Too many mulligans.
Golf is boring for most people who try to watch or play the sport for more than a couple of holes. But watch a father see his thirteen-year old son swing his $300 driver and snap it against the hard floor (sorry, dad), and you will know how, er…, passionate someone can get over balls and sticks.
[image1]Only these hardcore fans will find Tiger Woods PGA Tour 08 on the Wii worth slugging through. As presumed by the “PGA Tour” in its title, this annual mainstay in the EA lineup is meant to be realistic, and on first impressions, this is certainly so. Many courses are taken straight from real-life counterparts, and star athletes such as Jim Furyk and Chris DiMarco will stymie your pursuits. Anyone familiar with the golf tech demo in Wii Sports (I refuse to call it a game) understands how the Wii-mote can simulate a club – as well as how golf can be frustrating or just plain funny.
Whether it is chipping through a full PGA Tour season with a seasoned pro or a customizable character, making the cut at the FedEx Cup Playoffs, or competing against a friend or bot in any one of the wide range of multi-player modes, finishing a course in the least amount of strokes remains the name of the game.
The sheer number of courses, players, and modes are also noteworthy, particularly the improved Tiger Challenge. Thrusting you into a hex-grid chock full of events, this mode eventually pits you against Tiger Woods himself with the prospect of unlocking Super Tiger, who has as much power and skill as a real tiger. But reaching him requires several days worth of effort, and that is only if you consistently manage to catch fairways, avoid dreaded bunkers, and well, play like this.
On sheer length, Tiger Woods PGA Tour 08 excels.
However, further inspection reveals a line of gameplay hazards, all of which prevent the game from hitting the green. All sense of realism is hindered by superfluous options and an unfortunate lack of polish. Oddly, much of this stems from new features that try to help you aim for the pin, ostensibly offering extra content and control, but wind up landing nowhere close.
[image2]For one thing, you can preview a putt before knocking the ball into the cup. Yes, you heard that one right – and yes, this breaks golf. You only have a limited amount of “putt preview” time on any one course, but it’s long enough that you can use it to your cheating heart’s content, lining up the ball just right before claiming your birdie on what is essentially a do-over. There comes a point when sport, simulation or not, is supposed to mean getting no second chances and dealing with the outcome.
If you want to redeem yourself, you should have to wait, and with some practice and dedication, come back strong next time. But the game can’t even get this right.
"Confidence", calculated from your skill, your past history on a hole, and the overall risk of the shot, now has an impact on your performance. Not only does this take away your power as a player to start fresh with each playthrough, but it also makes something abstract unnecessarily influential. Your confidence doesn’t need to be computed. If you struggled with a particular hole, how it rattles you is already in your mind. Moreover, your aim and power have far more influence on a hole than confidence, begging the question: Why does this addition exists in the first place?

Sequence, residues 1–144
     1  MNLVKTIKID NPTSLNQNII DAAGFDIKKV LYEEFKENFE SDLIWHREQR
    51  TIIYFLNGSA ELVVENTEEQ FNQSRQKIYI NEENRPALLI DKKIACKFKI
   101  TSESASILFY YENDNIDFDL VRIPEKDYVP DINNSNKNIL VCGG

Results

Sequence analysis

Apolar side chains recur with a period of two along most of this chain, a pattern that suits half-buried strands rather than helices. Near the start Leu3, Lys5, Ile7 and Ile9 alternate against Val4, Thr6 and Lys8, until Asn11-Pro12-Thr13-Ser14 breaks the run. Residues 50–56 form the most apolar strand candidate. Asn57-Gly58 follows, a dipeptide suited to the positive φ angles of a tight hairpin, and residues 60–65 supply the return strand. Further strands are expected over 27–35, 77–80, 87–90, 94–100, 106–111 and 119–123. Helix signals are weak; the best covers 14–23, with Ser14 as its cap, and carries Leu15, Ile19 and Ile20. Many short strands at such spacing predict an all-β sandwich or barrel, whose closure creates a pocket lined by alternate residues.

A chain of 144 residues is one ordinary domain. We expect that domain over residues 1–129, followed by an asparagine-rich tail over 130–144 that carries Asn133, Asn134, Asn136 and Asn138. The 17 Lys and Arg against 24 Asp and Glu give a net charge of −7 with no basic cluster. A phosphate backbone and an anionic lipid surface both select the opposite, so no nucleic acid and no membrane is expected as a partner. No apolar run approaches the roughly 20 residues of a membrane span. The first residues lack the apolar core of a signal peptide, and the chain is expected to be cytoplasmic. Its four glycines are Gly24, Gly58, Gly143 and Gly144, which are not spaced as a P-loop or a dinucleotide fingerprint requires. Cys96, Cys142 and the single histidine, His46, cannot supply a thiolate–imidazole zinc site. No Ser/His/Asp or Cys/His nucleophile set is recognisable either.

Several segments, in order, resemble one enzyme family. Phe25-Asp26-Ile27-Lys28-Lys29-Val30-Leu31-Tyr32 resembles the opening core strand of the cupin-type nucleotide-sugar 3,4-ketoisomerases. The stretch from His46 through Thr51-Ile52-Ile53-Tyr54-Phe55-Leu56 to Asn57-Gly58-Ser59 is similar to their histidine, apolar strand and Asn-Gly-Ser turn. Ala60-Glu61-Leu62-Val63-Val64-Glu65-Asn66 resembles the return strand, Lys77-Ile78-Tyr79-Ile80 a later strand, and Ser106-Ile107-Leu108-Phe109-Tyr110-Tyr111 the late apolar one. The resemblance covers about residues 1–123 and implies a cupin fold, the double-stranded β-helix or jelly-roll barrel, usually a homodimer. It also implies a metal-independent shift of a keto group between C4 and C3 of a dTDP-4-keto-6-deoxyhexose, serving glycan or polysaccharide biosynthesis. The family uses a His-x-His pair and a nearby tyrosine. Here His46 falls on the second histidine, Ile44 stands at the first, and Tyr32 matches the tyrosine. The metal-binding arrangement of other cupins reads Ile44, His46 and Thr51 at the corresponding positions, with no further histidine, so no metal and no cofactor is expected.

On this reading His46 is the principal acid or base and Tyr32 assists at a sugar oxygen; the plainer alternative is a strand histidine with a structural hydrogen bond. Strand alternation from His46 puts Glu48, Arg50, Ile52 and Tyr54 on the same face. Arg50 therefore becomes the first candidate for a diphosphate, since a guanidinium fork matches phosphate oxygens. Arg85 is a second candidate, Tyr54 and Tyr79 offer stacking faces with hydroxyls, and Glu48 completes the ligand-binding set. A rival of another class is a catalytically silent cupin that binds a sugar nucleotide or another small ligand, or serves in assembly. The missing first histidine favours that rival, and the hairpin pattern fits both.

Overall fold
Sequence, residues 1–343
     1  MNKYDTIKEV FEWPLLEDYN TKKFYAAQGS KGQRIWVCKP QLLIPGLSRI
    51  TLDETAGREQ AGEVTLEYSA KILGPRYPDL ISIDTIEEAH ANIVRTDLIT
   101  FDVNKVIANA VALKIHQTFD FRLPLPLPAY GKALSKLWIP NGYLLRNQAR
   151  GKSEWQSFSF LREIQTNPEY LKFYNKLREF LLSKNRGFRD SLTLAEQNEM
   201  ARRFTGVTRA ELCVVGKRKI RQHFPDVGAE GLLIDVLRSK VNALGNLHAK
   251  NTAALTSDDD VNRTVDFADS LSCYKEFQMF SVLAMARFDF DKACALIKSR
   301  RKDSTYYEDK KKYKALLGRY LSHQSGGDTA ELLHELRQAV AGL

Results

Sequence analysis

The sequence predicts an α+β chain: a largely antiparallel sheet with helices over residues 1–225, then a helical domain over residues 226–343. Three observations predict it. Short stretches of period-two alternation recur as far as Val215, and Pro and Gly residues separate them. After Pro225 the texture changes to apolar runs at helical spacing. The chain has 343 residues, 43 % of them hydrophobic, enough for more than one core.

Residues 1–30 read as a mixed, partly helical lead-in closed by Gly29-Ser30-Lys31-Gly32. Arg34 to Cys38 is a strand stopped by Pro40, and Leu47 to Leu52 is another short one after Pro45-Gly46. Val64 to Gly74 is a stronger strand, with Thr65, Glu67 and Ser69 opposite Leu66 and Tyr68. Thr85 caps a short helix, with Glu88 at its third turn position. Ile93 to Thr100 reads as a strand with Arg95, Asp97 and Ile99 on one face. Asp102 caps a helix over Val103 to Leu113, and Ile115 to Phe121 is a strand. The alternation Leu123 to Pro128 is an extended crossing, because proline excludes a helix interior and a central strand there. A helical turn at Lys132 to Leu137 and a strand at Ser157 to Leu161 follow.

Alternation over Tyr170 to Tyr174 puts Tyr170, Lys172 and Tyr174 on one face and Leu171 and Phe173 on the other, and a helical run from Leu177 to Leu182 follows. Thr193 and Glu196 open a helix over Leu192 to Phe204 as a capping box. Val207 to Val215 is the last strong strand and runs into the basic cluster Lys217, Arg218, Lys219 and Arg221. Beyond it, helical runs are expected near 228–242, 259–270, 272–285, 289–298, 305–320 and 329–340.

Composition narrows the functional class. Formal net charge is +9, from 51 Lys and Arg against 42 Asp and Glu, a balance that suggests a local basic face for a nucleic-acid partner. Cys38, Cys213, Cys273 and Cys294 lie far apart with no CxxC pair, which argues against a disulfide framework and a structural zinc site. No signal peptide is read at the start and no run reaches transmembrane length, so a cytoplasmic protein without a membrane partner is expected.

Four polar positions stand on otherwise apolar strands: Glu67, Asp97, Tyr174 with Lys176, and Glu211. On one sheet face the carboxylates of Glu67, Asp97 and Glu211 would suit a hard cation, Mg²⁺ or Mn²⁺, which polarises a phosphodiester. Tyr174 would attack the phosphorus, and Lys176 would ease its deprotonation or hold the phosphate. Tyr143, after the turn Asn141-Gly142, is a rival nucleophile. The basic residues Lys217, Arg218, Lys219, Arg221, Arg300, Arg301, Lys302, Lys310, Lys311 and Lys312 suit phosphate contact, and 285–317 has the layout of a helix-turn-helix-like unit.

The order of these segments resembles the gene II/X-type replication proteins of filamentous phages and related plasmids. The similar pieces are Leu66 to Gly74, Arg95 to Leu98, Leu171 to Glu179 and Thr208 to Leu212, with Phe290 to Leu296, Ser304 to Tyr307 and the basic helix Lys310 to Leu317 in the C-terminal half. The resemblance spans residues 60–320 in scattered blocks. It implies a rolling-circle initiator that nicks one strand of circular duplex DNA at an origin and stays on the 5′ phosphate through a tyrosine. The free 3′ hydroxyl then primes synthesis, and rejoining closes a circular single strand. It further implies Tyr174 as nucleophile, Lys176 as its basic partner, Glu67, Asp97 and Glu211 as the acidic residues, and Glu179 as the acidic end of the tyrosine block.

To compensate for confidence, the Wii version offers several control configurations, all of which have their distinct flaws. The nunchuk is the preferable choice, allowing you to execute fades, draws, and power shots above 100% with ease. Along with sitting style, you can lie down and relax without having to swing the Wii-mote and live through a couple days of soreness. However, putting accurately is a nightmare unless you switch to standing mode. Birdies are frequent once you learn how fast the game wants you to downswing, though it’s still difficult hitting the ball with any consistent power level. At times, your swing isn’t detected if you come down too fast, and if it happens, you can mysteriously swing backwards and hit the ball with 110% power.
[image3]And that’s about as realistic as the game gets in dynamic play. Taunting during multi-player games, perhaps inspired by Mario Golf for the N64, is fine when it comes to blurring the screen and the ever annoying blow-horn. But your opponents can also influence the wind and the spin of the ball. At that point, it’s not taunting anymore – it’s in-your-face interference.
The difficulty setting for A.I. opponents can also be changed, but during multiple round tournaments, the sudden improvement in their game is suspect. I ended the first round of the Deutsche Bank Championship at -16 with Retief Goosen right behind me at -7. Then at the second round, before I could tee off on the first hole, four players tied at -23 were atop the leaderboard. After all that work, I started in twentieth place. Moments like this make you wish for the refinement you would expect from a long-standing series.
Shrubbery and shadows are highly pixilated, and even though you hear the occasional “I LOVE THIS GAME!!!” in the background, there is no audience – even for Tiger. And when you’re not looking at the last-gen graphics, let’s just say you’ll be doing a lot of menu-surfing. Thankfully, it’s all accompanied by an upbeat soundtrack.
It feels as though every single idea pitched for how to update Tiger Woods Pro Tour 08 somehow all got approved, regardless of merit. Instead of refining the fundamentals, the title concentrates on unedited excess that doesn’t blend well with a realistic golf game. Though it’s the best example of the potential for a Wii-based golf game, potential is still the operative word. If I had a choice, I would rather watch angry people play golf.